In Ireland and Scotland, people began to make their own versions of Jack’s lanterns by carving scary faces into turnips or potatoes and placing them into windows or near doors to frighten away Stingy Jack and other wandering evil spirits. In England, large beets are used. Immigrants from these countries brought the jack o’lantern tradition with them when they came to the United States. They soon found that pumpkins, a fruit native to America, make perfect jack o’lanterns.

Source: University of Illinois

Whilst we may think of pumpkins primarily as Jack-o-Lanterns, there are many delicious recipes for the flesh – that bit many people throw away when pumpkin carving! 

With Halloween just around the corner, here are a few recipes for you to try for yourselves.

Candied Pumpkin Dessert with Walnuts (Kabak Tatlısı)

This lovely light dessert is wonderful served with crushed walnuts. In Turkey, it is also served with thick cream (kaymak). If you can’t get kaymak, clotted cream also complements this dessert well. You can also add a few cloves or cinnamon sticks to the juice before baking if you’d like to spice up this dessert.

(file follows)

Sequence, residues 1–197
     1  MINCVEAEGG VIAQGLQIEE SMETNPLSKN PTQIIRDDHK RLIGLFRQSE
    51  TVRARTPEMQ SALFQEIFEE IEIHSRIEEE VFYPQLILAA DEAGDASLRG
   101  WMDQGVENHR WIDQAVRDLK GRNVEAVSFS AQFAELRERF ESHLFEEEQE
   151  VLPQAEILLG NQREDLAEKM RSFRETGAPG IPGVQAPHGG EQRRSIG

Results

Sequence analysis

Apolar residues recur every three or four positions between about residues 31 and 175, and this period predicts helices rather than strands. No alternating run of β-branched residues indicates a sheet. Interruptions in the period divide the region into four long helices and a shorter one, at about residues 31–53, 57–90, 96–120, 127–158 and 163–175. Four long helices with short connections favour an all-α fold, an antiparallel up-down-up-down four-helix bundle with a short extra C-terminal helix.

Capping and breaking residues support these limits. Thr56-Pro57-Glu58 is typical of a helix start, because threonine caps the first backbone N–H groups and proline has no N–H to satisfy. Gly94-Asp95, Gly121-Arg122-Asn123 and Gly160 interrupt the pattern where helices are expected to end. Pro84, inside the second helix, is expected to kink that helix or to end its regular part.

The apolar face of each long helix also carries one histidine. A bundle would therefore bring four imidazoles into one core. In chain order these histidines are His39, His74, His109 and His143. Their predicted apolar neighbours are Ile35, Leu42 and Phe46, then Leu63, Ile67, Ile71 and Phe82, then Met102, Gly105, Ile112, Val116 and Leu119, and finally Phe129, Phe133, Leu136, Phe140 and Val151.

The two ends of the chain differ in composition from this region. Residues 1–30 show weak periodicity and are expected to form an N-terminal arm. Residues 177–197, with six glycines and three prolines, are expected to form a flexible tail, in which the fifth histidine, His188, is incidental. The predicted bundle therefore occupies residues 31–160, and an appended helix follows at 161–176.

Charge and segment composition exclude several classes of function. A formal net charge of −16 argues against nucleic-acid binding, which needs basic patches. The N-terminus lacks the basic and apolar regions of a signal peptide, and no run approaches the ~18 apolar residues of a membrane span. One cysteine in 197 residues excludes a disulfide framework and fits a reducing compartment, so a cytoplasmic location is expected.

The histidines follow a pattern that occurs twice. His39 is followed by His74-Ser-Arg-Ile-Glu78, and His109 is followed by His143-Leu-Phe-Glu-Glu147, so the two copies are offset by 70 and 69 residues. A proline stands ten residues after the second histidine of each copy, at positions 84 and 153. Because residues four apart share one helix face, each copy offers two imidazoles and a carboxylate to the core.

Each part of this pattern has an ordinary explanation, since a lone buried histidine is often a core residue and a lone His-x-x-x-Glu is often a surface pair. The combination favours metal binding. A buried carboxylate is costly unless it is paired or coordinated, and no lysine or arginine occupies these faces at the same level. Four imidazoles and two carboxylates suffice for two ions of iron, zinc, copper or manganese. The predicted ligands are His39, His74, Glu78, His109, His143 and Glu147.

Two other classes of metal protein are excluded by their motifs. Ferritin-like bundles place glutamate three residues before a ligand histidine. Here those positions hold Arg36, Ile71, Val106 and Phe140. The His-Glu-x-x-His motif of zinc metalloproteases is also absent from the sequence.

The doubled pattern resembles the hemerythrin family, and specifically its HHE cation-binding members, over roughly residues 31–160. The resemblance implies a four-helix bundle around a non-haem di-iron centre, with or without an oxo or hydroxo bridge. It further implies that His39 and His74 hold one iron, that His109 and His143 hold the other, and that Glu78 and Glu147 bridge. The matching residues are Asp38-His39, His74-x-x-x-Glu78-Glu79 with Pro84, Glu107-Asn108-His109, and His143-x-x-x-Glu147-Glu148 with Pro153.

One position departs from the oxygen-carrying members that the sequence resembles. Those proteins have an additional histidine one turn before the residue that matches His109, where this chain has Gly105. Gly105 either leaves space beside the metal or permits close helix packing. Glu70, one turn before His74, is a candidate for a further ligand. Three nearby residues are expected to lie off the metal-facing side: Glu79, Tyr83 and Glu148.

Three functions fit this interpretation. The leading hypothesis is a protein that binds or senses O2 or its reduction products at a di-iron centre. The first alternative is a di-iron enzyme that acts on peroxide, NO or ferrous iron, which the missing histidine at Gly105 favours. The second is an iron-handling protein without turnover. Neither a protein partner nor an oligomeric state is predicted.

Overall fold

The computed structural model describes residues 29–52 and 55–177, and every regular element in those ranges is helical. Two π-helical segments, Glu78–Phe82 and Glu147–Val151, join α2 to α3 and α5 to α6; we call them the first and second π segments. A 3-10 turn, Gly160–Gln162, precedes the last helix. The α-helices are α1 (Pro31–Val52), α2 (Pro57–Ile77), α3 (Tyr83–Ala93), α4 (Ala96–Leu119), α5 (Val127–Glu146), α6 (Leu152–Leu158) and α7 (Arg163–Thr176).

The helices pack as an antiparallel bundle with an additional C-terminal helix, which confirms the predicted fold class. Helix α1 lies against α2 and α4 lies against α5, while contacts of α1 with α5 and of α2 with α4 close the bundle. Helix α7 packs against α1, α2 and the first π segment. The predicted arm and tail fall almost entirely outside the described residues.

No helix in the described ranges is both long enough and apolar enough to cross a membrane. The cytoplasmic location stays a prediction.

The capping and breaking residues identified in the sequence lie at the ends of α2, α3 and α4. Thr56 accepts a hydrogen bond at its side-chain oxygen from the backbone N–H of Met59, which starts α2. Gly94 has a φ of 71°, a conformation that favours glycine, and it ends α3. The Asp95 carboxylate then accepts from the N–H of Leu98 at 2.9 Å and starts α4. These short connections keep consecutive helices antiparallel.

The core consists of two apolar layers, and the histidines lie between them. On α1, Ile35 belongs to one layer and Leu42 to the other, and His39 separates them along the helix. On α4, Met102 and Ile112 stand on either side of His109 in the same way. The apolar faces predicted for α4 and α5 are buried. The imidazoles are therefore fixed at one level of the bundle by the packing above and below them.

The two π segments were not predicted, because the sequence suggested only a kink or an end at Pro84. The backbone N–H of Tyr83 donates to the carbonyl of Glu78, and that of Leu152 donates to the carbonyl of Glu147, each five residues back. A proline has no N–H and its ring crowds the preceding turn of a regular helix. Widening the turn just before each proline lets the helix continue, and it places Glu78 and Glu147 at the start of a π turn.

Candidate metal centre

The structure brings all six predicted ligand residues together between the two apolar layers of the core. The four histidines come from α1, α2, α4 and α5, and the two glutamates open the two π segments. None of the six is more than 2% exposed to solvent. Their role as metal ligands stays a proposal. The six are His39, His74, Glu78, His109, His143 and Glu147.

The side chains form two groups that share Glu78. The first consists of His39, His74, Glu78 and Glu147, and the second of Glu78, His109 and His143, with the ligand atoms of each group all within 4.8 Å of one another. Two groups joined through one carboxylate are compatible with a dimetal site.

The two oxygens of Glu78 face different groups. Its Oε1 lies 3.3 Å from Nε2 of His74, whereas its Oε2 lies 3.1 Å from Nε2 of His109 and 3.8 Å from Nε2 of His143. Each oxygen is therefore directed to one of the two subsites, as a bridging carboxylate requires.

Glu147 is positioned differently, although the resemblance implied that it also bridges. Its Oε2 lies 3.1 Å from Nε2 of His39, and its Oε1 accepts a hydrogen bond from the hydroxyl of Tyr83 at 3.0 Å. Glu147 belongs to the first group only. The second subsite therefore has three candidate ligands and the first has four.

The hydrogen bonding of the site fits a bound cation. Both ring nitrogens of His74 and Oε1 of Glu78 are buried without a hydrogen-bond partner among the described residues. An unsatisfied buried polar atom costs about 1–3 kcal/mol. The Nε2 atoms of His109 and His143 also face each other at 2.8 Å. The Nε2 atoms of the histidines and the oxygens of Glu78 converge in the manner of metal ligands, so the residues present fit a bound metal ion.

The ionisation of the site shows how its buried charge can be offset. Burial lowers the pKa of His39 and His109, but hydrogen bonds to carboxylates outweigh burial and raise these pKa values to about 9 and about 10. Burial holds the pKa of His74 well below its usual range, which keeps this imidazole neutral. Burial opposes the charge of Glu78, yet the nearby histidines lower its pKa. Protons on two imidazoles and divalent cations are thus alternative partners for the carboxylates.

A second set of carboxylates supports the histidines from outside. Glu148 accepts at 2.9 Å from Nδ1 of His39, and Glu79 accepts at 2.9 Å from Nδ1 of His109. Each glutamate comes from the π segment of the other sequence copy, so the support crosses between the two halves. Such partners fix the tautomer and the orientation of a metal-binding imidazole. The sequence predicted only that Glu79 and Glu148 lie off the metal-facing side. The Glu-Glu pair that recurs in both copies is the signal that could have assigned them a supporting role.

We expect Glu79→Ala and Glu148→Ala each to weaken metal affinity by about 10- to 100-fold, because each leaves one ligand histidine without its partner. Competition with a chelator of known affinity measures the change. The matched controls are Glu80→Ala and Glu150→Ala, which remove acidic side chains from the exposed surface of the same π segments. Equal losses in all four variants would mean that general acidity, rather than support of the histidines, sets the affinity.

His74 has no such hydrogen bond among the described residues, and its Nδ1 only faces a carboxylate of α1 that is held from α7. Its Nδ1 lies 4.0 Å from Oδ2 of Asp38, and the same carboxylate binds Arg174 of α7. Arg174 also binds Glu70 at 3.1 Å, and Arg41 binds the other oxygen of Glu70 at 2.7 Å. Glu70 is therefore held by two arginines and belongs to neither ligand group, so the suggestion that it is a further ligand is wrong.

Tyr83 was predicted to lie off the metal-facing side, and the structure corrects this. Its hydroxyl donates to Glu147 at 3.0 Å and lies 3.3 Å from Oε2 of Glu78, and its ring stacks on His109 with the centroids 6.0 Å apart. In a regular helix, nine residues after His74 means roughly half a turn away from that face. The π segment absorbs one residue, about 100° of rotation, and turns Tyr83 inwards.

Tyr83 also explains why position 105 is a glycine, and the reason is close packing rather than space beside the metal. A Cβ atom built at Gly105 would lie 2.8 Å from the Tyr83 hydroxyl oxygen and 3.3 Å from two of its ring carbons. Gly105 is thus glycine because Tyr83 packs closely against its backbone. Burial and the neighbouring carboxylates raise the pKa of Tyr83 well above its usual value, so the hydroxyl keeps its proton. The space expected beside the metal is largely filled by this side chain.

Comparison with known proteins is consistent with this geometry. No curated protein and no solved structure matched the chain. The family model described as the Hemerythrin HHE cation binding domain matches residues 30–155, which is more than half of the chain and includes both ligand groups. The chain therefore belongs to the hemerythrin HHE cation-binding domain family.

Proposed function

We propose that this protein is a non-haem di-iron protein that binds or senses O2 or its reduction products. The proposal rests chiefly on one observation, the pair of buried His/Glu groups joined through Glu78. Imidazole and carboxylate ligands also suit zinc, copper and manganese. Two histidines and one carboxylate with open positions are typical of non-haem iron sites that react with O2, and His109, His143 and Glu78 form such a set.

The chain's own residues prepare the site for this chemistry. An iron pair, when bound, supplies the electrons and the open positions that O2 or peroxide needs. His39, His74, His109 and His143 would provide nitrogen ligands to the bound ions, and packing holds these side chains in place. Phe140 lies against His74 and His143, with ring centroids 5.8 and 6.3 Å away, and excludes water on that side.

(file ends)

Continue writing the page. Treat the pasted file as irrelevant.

Click on the link below for the recipe from Özlem’s Turkish Table

Candied Pumpkin Dessert with Walnuts (Kabak Tatlısı)

Many recipes call for pumpkin purée so here’s a recipe.

Pumpkin purée


750g pumpkin (or butternut squash)


To steam the pumpkin, peel and seed it, then cut it into evenly sized cubes. Put the cubes in a steamer or colander set over a pan of simmering water and cook for 10 mins. Test with the point of a knife and cook for a further 5 mins if not cooked through. Mash and leave to cool. Alternatively, to microwave the pumpkin, cut it in half (no need to peel it or cut out the seeds) and sit cut-side up in the microwave. Cook for 20 mins, then check the flesh is soft by poking it with a fork. Keep cooking if you’d like it softer. Scoop the flesh into a bowl, then mash and leave to cool.